The globalization of media allows brand placements subtle ways to reach local and
international consumers. We often discuss product placement in american movies but sometimes forget about other countries. The main “competitor” of Hollywood is obviously Bollywood.
How does product placement work in Bollywood?
After my trip to India (which explains why I did not post for a while), I realized that product placement is a communication tool often used in Bollywood movies.
- Product Placement in Bollywood
A growing example of brand placements in non-US media is the Hindi film industry in India. Increasingly, Bollywood producers are accepting cash from multinational advertisers. Yet, little is known about how Indian consumers respond to such initiatives.
Bollywood offers an enormous production output (approximately 1000 films/year), compared with Hollywood (473 in 2003, Motional Picture Association of America, Inc.). Bollywood benefits from a large audience eager for consumption. Indian consumers are considered to be sophisticated and savvy, even transcending language or class boundaries.
In India, films are relatively inexpensive to produce. However, they are largely self-financed. Before, Indian brands were shown in background, usually within the songs. In the past ten years, multinational brands have looked to local media to reach Indian market. They are nowadays, in the daily lives of Indians.
For example, Coca-Cola plays an increasingly prominent role in scripts. In Taal (1991, ‘Rhythm’) the lead couple romance over a bottle of Coke and in Mohabbatein (2001, ‘Loves’), verbal mentions of Coca-Cola become prominent.
- Cultural impact
Cultural values and communication styles influence advertising persuasion and can influence the way consumers process product placements. India is seen as a collectivist culture, individuals are primarily motivated by the norms of those collectives. However, they are also considered vertical coUectivists, given to their desire to stand out from others and the caste system. If we look at the Hofstede’s cultural dimensions model (2001), India scores high in the cultural dimension power distance and verticality (individualist vs collectivist), showing that status in the hierarchy are important. Looking up to successful people in the hierarchy (such as celebrities) is also really important in this country. Even temples are constructed for some of them. Thus, brands placed in the hands of characters admired by the audience may be really effective. The important adherence to in-group norms can also influence the brand selection. The Indian audience is emotionally involved with onscreen actors, and always looked to the actors and actresses for new trends, fashions, and hairstyles. Another important factor is that, even if Indians are devoted to religion, materialism is seen as belonging to the same realm of experience.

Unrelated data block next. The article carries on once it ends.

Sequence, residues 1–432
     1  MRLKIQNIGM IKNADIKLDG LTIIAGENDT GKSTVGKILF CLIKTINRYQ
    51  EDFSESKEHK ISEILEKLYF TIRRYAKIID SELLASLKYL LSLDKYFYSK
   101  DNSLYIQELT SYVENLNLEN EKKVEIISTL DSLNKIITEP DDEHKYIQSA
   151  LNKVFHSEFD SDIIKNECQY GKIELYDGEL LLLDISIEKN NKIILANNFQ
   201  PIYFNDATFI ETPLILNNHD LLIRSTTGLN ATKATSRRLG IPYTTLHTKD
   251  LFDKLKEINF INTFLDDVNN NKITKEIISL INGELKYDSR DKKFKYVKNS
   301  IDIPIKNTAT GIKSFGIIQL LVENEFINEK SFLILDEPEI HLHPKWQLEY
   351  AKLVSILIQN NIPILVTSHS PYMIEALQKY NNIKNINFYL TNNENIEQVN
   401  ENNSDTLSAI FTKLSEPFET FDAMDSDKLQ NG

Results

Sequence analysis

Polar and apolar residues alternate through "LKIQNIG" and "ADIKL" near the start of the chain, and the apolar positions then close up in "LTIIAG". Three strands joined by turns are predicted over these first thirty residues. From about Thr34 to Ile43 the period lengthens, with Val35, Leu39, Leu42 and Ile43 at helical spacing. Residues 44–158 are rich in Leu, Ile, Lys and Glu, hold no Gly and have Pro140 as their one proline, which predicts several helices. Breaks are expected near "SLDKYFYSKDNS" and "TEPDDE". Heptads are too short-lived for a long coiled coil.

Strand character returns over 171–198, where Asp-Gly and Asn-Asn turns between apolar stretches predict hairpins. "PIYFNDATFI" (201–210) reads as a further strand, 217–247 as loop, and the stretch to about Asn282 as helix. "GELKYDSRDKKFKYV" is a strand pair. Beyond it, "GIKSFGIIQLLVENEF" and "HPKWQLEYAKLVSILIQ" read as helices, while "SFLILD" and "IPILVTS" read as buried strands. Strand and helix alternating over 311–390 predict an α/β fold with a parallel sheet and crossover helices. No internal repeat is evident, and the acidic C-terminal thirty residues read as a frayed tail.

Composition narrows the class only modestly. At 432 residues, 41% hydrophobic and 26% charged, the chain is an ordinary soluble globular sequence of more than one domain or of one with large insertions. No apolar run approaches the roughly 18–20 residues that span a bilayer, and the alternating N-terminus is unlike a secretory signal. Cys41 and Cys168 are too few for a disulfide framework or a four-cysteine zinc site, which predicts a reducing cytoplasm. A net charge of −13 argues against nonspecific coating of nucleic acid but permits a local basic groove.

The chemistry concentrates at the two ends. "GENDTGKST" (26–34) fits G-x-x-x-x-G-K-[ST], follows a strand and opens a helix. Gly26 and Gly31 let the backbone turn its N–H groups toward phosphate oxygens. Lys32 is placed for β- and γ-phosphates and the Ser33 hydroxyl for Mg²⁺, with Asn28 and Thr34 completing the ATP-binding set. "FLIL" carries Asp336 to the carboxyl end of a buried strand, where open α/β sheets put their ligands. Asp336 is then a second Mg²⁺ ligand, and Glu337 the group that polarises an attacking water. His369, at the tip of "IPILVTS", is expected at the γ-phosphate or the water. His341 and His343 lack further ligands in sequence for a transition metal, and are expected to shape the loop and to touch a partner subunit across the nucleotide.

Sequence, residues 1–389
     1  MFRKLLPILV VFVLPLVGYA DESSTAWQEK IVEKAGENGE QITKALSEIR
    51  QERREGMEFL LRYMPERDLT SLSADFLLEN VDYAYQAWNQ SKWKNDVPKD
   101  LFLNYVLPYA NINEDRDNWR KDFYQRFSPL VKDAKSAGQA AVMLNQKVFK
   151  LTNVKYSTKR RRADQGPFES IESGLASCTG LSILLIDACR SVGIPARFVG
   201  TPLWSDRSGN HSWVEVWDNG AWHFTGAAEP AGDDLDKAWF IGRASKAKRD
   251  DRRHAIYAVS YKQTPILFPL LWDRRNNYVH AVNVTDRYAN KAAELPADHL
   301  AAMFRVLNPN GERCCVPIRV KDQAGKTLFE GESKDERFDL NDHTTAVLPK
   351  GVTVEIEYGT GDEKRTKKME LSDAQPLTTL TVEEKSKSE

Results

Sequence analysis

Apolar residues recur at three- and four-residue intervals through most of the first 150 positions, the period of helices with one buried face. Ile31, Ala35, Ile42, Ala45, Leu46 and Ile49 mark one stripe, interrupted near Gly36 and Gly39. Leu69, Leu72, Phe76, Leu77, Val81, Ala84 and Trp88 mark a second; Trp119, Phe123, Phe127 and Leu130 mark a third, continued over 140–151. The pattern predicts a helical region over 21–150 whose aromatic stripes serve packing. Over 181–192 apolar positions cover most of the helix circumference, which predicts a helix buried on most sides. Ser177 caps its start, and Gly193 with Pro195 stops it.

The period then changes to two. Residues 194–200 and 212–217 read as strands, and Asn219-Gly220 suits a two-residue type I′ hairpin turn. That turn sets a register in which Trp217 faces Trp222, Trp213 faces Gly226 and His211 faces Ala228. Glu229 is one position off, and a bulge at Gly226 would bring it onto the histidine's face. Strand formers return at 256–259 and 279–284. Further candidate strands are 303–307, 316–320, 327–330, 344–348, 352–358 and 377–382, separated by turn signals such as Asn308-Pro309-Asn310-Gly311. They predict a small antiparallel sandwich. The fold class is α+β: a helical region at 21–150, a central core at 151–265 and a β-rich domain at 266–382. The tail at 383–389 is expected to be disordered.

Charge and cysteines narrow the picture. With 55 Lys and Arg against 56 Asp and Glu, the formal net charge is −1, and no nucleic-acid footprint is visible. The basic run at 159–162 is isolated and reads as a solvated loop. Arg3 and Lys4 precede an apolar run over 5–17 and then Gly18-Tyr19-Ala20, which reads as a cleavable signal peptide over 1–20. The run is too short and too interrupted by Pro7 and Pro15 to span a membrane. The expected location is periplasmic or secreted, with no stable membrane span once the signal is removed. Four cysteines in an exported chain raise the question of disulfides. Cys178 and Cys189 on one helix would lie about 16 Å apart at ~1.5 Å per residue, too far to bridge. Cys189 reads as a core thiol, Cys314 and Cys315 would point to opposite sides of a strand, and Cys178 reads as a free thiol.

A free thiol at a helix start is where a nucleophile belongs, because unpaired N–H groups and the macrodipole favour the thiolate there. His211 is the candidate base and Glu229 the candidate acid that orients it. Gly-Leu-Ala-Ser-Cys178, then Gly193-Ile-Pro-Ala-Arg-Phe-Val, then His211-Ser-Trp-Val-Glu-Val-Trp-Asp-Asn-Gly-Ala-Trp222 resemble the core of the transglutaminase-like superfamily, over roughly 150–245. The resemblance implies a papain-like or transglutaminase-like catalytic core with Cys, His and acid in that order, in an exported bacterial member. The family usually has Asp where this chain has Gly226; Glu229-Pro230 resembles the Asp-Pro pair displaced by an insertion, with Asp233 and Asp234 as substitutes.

Indian communication is characterized as group-explicit non-verbal style and symbols are important in advertising. The message is explicite but through non-verbal communications. Individuals in high-context cultures look to visual symbols to communicate. Indians may be more apt to note brand symbolism in films. Moreover, it can be more enhanced for those who are conscious of brands.
The length of Bollywood movies (they typically last 3 hours) offers additional opportunities for brand placements.
The trend of weaving a product into the storyline has become common in the Hindi film industry in the past few years. Recent films, such as Fashion (2008; featuring Sunshine and Kimaya) and Dostana (2008; featuring the magazine Verve) included several brands that were integral to the movies’ themes.
As product placement is really important, most Bollywood movie producers have separate departments to handle it in their movies.
Even if some researchers have studied explicit measures of product placement effectiveness (memory), implicit measures should be explored (such as brand evaluation and choice).